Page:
Selecting a jerkbait that is the best representation of the forage base will help coax wary bass into biting. It is possible to use the standard black and silver pattern anywhere you fish, but if your water has more perch or sunfish than minnows, buy lures that mimic those color patterns.
Selecting a color is important in clear water. If the water you fish is slightly stained, the bass are going to react more to the movement. In clear water, they will come and stare at the suspending lure and that is when I want something close to what they naturally see.
The clearer the water – the better.
We talked about wanting some wind, yet the wind can also stir up the water clarity if it is too strong.
If I approach a flat where the wind has stirred things up, I do my best to locate a mud line or clearer section of that flat to start probing.
Because jerkbaits are so erratic and disruptive in their movements, a bass can pick them up with their lateral lines even before they see them. This sonar-like ability means jerkbaits will work in water with some stain to it, but finding the clearest section of the lake will always put the drawing power of the lure in your favor.
The flash and roll of a jerkbait is noticed from quite a distance. I have tossed a suspending model into an area that looks devoid of life. When I began to present the lure, its slashing and darting pulled fish from hiding places I didn’t even know existed.
That is why clear water is a favorite.
Presenting a Jerkbait Properly
When fishing massive flats, it is important to check all parts of it. The deeper water access side, the shoreline side, and the middle. We need to find where those bass are sitting at the moment.
To accomplish this, ultra-long casts are important.
Take time to adjust your reel so that some extra force can be exerted and send that jerkbait flying.
Once the lure has landed, reel it down to depth and let it sit a second.
Now the ripping begins.
Be sure to jerk the bait with slack in the line. Many anglers make a mistake here and pull the lure on a taught line.
When the bait is ripped on a slack line, it darts much more erratically and with a longer side-to-side action. This randomness is what drives predators crazy and pulls them from long distances.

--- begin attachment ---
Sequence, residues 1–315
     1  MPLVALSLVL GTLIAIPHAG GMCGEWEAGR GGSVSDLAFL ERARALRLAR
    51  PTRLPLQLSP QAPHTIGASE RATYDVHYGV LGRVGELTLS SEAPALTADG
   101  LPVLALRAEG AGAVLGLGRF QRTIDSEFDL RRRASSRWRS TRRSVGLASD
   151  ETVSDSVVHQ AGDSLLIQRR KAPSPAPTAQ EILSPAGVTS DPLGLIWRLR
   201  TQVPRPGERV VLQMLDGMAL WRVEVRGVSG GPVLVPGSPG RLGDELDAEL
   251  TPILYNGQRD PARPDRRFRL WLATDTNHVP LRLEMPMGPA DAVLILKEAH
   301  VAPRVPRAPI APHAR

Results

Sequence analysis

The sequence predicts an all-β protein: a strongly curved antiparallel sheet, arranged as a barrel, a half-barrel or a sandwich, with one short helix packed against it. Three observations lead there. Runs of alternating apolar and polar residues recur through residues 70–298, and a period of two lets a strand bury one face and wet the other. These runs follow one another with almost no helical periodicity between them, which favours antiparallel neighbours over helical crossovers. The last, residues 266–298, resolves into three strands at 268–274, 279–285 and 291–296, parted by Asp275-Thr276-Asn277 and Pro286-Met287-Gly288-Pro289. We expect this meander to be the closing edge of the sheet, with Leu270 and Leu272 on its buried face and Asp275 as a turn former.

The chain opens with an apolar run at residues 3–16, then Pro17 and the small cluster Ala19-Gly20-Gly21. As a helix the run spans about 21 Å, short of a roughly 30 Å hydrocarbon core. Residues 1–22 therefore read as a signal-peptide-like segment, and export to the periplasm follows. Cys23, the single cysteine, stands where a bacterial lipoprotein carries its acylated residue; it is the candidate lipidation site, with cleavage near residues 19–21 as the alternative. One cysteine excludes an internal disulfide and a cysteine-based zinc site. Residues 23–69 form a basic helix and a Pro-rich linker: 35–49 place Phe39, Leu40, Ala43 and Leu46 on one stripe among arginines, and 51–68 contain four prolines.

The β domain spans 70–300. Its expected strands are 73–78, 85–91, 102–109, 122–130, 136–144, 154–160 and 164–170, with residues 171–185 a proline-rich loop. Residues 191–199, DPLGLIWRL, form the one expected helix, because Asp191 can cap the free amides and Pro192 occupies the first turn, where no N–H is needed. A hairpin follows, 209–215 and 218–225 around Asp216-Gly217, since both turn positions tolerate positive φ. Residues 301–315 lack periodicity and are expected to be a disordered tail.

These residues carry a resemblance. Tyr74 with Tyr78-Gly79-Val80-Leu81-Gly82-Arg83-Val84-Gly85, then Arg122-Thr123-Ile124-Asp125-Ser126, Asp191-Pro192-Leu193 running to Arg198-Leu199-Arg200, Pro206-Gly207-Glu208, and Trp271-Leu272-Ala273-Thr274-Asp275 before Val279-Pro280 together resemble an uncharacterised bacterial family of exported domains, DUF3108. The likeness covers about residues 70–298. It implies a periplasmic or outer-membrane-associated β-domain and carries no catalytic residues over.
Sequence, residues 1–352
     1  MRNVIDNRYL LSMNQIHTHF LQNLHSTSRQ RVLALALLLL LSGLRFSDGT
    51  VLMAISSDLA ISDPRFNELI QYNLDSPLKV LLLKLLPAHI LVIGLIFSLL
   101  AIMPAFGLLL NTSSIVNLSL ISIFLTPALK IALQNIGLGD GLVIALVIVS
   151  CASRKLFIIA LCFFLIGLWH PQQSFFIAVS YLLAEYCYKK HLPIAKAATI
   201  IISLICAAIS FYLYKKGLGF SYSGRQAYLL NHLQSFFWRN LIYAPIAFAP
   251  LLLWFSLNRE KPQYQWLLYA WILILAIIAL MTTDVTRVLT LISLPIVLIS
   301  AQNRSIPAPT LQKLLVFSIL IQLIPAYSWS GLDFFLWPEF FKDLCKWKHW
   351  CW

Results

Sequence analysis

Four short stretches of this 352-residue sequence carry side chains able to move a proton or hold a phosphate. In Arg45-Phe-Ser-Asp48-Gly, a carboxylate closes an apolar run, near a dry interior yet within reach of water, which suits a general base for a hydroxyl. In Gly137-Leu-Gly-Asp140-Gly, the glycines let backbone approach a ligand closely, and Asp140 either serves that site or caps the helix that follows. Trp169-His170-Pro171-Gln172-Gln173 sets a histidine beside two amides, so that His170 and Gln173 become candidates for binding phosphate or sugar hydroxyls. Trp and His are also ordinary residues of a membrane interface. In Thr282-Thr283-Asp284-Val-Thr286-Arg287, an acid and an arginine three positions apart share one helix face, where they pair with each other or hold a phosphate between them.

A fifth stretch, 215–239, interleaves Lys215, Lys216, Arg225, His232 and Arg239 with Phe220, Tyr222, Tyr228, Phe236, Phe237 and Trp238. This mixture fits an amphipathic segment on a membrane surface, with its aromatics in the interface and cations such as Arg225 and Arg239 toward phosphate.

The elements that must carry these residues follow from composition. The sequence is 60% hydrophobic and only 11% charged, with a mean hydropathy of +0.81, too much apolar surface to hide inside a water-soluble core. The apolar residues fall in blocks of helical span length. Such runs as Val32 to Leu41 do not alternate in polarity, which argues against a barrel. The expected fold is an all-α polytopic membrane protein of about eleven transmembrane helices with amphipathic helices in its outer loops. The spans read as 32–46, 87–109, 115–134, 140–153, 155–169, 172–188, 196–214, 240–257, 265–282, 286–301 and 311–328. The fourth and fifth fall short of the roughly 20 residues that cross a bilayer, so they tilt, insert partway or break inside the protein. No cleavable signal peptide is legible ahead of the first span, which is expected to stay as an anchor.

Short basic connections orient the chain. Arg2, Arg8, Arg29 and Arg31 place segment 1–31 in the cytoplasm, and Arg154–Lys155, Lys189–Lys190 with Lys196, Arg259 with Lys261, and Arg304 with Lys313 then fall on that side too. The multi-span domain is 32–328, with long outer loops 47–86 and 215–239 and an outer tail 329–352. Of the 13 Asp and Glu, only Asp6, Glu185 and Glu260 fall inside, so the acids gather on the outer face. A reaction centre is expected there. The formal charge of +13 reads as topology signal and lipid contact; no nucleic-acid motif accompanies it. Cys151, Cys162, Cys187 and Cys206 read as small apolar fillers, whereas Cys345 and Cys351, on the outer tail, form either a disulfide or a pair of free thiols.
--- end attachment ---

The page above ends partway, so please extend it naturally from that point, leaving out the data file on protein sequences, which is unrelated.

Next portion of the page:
It is a true reaction bite.
Ripping the lure on a slack line also reduces angler fatigue. Jerkbait fishing is exhausting and your forearms and wrist will soon feel the lactic acid buildup. Keeping a true slack line during your presentation will allow you to fish a jerkbait longer and it is also more effective.
Vary the Retrieve
It is easy to fall into a predictable cadence when fishing a jerkbait.
I tend to use a jerk-jerk-pause pattern.
It is important to mix up the rips and pauses until the bass tell you what they prefer on that day. When are you getting your strikes? Are they hitting the lure aggressively or just swiping at it?
Keep trying different patterns and presentations until you find one that keys the type of bite you are looking for.
If the conditions change, be ready to change the cadence again.
Do you Need to Adjust the Sink Rate?
Suspending jerkbaits right out of the box work well, but making a few small adjustments can make a noticeable difference.
There are tools anglers can use, like SuspenStrips and SuspenDots that are easy to stick on the bottom of a lure and can peel off. You can also tie florists wire around the top of the hook shank to alter the sink rate. I have also used fine-wire lead-free solder.
Water density changes with temperature.
I like my suspending jerkbaits to sink, ever so slightly, when paused. I feel that this naturally imitates a dying minnow or shad.
The only time I adjust the sink rate is when the bass are wanting the lure to sit for an extended period of time. If they are hitting it well with a steady cadence of rips with only a small pause, I leave the lure just the way it is out of the box.
Be Ready for a Frenzy
Bass tend to spread out on flats, but there are times when you will run into a school of them – especially if there are smallmouth in the area.
When this happens, a jerkbait is an amazing tool at getting the entire school fired up and whipped into a feeding frenzy.
I have had days when I locate a school and catch bass consistently for twenty minutes or so. When this happens it is about as much fun as a bass angler can have.
When fishing a jerkbait this frenzied feeding happens quite often.
When you can find these conditions a jerkbait can be the best lure in your tackle selection. It has been fooling fish ever since Lauri Rapala carved his first balsa wood floater in the 1930s.
- Look for shallow bass
- Find flats – preferably ones with sand grass
- Look for areas being hit with wind
- Match the forage
- Find the clearest water you can
Be sure to rip the lure on a slack line and hang on. There is a good chance you may just fire up a school of bass and have an outing that you will long remember.
Tight lines. Be safe and don’t forget to encourage someone today. You never know how you may change their life forever.